Foresight & The Built Environment / by Positive Energy

Greetings building science enthusiasts, Michael (Miguel) here writing down a few musings for your edification and leisure. 

Our colleague Bill Aylor over at Lake|Flato recently sent us a fantastic interview featured in Doggerel (a site run by Arup, a global firm of designers, planners, engineers, consultants) on the Future of The Built Environment. In the interview, Dr. Gereon Uerz, a sociologist and consultant, unpacks the idea of corporate foresight and how it can be used as a strategy for making positive change in the way the built environment is designed and delivered. If you've got the time to read the article, I highly recommend it. If you don't have time to read it, here are a few takeaways that impacted me as they relate to Positive Energy. The quotes herein are pulled from Dr. Uerz's interview.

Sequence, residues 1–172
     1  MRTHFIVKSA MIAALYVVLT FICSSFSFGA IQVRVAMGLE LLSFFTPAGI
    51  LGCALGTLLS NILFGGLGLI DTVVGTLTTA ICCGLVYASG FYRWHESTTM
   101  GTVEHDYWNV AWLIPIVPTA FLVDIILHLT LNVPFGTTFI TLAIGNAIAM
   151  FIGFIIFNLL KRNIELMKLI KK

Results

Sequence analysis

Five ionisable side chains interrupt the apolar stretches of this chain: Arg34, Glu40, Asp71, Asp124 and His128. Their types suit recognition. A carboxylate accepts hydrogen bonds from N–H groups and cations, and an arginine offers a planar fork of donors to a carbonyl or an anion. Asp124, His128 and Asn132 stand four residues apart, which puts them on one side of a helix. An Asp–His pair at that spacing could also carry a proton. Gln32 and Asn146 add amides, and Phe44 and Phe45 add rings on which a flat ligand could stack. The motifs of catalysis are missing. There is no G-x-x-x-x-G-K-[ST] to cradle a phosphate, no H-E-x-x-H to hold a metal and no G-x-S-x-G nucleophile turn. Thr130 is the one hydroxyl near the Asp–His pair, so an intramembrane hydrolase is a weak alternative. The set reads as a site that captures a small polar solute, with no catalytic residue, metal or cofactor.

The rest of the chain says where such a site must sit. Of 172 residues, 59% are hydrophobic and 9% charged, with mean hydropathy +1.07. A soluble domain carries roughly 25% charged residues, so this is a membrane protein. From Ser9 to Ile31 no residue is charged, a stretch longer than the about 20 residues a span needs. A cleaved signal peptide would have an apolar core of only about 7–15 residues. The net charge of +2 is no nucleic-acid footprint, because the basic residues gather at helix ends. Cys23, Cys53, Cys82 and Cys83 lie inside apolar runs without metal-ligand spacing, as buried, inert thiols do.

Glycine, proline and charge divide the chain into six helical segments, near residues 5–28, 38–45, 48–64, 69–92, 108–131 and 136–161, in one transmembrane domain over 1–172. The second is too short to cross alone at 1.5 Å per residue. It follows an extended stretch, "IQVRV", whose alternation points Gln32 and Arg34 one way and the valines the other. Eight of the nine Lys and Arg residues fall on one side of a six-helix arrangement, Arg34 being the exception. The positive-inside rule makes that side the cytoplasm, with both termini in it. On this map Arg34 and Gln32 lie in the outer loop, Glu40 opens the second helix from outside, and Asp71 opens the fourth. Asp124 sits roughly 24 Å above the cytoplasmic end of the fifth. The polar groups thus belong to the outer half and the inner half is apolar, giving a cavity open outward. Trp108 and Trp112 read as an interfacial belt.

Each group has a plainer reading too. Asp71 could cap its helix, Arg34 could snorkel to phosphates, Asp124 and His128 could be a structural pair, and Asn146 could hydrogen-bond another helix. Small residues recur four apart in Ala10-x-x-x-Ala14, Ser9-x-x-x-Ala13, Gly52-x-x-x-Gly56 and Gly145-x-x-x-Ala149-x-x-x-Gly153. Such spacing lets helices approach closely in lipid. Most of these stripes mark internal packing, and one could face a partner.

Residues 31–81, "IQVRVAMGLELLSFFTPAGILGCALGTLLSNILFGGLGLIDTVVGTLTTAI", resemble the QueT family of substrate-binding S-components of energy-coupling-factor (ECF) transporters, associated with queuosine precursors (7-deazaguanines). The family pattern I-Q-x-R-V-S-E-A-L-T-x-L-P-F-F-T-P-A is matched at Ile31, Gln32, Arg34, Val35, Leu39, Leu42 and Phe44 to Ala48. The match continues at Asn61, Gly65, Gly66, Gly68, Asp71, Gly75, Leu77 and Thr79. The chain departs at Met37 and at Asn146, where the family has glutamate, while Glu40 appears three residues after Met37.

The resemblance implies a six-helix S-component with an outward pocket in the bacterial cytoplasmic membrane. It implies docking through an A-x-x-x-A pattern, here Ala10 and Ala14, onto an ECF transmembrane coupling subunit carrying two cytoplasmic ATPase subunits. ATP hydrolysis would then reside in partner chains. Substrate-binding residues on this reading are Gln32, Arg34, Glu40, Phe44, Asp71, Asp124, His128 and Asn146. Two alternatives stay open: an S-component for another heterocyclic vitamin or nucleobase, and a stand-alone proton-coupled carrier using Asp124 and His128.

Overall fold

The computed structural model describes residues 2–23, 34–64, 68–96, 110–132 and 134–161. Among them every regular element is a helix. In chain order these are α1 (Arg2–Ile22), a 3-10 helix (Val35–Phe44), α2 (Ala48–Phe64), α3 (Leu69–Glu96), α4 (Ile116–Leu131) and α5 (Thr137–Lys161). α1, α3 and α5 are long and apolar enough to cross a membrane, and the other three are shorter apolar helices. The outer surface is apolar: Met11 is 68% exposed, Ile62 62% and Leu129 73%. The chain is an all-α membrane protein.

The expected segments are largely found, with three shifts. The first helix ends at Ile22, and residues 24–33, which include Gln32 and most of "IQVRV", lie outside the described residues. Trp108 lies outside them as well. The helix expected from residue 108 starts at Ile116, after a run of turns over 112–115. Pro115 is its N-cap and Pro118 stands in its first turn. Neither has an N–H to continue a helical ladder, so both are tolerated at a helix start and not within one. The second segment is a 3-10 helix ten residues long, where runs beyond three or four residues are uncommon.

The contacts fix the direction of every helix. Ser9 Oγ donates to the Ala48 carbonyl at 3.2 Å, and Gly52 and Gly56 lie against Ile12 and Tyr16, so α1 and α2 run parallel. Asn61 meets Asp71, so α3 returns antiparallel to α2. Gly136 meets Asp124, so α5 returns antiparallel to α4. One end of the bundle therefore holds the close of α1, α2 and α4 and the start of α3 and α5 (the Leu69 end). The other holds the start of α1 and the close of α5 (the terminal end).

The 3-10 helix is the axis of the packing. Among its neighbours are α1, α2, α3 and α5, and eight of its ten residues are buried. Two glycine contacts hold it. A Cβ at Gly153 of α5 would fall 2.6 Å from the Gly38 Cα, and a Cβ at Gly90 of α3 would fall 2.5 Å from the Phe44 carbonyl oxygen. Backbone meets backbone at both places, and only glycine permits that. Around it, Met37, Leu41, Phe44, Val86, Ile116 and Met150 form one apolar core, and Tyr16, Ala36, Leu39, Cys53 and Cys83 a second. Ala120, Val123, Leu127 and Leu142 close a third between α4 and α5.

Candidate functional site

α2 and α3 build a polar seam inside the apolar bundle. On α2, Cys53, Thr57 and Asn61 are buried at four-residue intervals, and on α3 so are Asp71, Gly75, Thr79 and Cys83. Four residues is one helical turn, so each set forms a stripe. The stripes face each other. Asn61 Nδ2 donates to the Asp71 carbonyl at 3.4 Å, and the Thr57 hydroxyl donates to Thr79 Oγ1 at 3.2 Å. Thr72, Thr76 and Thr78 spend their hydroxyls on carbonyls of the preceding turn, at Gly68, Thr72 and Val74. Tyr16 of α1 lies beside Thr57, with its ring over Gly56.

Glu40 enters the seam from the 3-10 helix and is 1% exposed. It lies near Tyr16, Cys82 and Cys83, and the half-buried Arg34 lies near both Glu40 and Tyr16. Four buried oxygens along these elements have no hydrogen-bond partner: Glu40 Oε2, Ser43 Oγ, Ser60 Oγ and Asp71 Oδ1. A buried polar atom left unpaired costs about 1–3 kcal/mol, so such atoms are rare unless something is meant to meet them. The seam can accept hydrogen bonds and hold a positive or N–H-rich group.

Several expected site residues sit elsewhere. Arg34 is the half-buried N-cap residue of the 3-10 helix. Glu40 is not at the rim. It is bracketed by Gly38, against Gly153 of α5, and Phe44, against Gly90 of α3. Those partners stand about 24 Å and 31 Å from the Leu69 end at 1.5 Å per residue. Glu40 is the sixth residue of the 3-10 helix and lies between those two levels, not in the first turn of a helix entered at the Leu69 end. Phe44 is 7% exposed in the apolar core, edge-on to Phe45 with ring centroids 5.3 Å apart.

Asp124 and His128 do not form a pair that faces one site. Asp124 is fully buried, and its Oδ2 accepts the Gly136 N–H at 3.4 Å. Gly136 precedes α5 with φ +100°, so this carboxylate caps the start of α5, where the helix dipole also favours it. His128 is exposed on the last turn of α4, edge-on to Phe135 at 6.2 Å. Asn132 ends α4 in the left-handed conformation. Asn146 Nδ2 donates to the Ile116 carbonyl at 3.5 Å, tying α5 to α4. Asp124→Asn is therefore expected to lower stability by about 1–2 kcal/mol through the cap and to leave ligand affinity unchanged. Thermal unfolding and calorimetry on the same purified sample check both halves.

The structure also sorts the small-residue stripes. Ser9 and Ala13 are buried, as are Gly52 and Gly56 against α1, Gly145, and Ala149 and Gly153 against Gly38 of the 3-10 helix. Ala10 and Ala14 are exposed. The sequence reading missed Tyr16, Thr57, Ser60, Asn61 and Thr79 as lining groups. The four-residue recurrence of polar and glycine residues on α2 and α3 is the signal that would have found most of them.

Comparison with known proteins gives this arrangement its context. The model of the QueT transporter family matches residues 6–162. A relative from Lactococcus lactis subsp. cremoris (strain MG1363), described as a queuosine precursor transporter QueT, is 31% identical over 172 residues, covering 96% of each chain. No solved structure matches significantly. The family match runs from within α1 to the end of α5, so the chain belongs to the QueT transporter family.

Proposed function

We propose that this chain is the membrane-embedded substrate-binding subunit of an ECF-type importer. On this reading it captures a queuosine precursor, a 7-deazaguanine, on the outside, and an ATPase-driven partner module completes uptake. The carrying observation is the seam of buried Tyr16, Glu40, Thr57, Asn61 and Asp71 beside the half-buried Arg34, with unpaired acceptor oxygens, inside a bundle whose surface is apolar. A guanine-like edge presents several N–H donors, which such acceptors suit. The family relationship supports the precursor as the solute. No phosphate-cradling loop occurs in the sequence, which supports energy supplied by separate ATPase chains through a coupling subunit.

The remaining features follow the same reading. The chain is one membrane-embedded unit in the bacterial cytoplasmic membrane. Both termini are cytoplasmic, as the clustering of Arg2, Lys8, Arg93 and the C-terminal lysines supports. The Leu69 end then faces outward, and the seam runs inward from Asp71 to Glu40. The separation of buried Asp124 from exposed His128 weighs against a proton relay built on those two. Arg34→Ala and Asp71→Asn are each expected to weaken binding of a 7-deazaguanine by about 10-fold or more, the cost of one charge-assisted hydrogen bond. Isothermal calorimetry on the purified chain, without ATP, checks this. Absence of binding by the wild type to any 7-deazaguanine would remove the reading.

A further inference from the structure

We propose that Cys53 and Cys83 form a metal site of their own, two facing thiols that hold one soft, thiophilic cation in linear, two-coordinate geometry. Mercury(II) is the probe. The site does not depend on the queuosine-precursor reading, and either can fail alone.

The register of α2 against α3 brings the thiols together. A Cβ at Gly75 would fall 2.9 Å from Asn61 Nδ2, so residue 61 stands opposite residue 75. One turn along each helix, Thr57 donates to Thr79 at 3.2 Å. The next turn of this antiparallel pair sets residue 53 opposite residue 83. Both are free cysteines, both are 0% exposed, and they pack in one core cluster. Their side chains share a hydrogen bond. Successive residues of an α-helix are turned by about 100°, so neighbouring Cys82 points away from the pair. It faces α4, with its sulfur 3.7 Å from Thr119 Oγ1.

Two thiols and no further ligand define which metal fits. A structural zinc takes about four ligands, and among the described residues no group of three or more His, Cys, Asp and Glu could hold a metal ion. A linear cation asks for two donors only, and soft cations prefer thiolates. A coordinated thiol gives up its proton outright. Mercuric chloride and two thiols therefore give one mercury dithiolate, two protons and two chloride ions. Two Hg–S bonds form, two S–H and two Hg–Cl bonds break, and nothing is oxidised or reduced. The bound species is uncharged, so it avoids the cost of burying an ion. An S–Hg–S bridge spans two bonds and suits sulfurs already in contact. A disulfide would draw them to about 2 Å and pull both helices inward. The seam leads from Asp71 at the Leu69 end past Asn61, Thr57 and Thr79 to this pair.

What Is Corporate Foresight?

Corporate foresight provides evidence-based ideas about possible future developments based on ongoing trends. It gathers and analyzes information about things going on within a society and on a global level, then uses this information for business operations, especially in the fields of innovation, strategy, change management, and risk analysis.

There is a heavy trend in business the last few decades pushing for more data driven decision making. And for our purposes, we're talking about the data that speaks to a necessity for better, higher quality buildings. This trend hasn't fully made it to the larger construction market yet.